Trade war with China would be a ‘tragedy’

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President Donald Trump and China’s President Xi Jinping (not shown) make a joint statement at the Great Hall of the People on November 9, 2017 in Beijing, China.

Bridgewater Associates founder Ray Dalio said Monday that a trade war between the U.S. and China is avoidable.

“It seems to me that good deals are to be had for both countries, while a trade war has the risk of tit-for-tat escalations that could have very harmful trade and capital flow implications for both countries and for the world,” Dalio wrote in a LinkedIn blog post entitled “A US-China Trade War Would Be a Tragedy.” “I think and hope that both sides know this, and I believe that what is happening now is more for political show than for real threatening.”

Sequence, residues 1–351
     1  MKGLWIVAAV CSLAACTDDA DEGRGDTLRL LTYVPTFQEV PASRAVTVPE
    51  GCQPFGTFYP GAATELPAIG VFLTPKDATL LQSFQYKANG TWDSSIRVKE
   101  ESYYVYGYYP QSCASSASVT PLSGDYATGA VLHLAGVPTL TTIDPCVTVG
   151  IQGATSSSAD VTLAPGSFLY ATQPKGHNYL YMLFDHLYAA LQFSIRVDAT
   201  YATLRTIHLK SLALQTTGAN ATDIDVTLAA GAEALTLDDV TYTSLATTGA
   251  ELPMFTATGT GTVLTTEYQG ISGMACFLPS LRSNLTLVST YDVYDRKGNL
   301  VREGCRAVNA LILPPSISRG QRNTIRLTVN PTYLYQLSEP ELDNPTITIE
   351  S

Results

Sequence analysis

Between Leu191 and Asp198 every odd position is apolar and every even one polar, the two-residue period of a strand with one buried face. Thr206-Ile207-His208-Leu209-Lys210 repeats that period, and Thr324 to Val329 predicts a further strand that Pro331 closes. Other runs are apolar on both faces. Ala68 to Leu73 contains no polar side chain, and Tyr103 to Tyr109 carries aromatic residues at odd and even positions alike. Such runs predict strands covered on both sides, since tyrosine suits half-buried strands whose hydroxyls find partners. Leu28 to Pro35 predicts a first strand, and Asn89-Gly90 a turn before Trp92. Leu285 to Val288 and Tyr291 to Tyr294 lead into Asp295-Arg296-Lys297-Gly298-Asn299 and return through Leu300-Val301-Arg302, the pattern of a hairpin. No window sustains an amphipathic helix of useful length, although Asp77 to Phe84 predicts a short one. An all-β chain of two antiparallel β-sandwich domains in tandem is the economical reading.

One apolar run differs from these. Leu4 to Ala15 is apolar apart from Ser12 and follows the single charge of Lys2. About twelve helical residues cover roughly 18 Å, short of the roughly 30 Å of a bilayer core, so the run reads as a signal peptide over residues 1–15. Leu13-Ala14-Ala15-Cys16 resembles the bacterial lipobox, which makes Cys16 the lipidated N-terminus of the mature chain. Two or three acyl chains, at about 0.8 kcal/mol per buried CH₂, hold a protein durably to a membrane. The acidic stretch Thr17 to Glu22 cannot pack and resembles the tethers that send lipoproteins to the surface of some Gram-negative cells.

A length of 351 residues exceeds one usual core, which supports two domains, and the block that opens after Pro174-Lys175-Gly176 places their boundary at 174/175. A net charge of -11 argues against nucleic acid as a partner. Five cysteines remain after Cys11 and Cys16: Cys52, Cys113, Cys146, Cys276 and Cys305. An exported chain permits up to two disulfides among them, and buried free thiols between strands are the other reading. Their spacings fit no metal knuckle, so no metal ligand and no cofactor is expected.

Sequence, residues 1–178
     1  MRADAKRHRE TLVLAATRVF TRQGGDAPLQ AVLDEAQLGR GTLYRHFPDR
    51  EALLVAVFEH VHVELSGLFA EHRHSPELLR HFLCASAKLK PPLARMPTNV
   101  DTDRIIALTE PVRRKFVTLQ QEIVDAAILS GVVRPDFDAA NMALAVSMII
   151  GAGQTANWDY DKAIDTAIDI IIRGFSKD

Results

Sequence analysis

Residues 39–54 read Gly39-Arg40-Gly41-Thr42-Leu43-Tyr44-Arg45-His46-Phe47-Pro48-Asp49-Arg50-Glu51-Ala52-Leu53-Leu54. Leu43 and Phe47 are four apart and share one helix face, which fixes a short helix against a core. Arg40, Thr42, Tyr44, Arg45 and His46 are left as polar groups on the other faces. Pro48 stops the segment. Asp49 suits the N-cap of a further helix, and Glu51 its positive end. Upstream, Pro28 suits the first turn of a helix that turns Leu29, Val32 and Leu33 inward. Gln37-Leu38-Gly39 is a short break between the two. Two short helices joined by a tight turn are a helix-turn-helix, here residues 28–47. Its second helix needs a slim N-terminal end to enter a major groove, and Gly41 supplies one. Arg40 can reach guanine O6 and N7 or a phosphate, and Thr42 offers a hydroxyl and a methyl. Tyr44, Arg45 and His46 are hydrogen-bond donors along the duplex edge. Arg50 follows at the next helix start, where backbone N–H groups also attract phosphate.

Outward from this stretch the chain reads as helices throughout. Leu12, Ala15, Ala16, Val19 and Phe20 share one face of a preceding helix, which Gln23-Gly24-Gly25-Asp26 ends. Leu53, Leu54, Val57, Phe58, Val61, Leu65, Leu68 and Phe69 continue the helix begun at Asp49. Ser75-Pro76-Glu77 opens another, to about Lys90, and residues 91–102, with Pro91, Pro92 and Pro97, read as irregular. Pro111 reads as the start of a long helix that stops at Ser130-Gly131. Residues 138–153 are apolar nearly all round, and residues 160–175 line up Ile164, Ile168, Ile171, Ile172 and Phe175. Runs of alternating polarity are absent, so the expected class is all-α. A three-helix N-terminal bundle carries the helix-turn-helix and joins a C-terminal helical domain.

President Donald Trump announced plans on Thursday for tariffs of 25 percent on imported steel and 10 percent on aluminum, sparking fears of a trade war and spurring a sell-off in the stock market.

The hedge fund manager said the size of the tariffs announced thus far will have a “very small” impact on U.S-China trade balances.

“If tariffs are imposed as indicated, I would hope and expect the Chinese response to be small and symbolic so that both sides will have rattled their sabers without actually inflicting much harm,” he wrote. “What will come after that will be more important. I wouldn’t expect it to amount to much anytime soon. If on the other hand we see an escalating series of tit for tats, then we should worry.”

Dalio founded Bridgewater Associates in 1975. The hedge fund now manages about $160 billion, according to its website.

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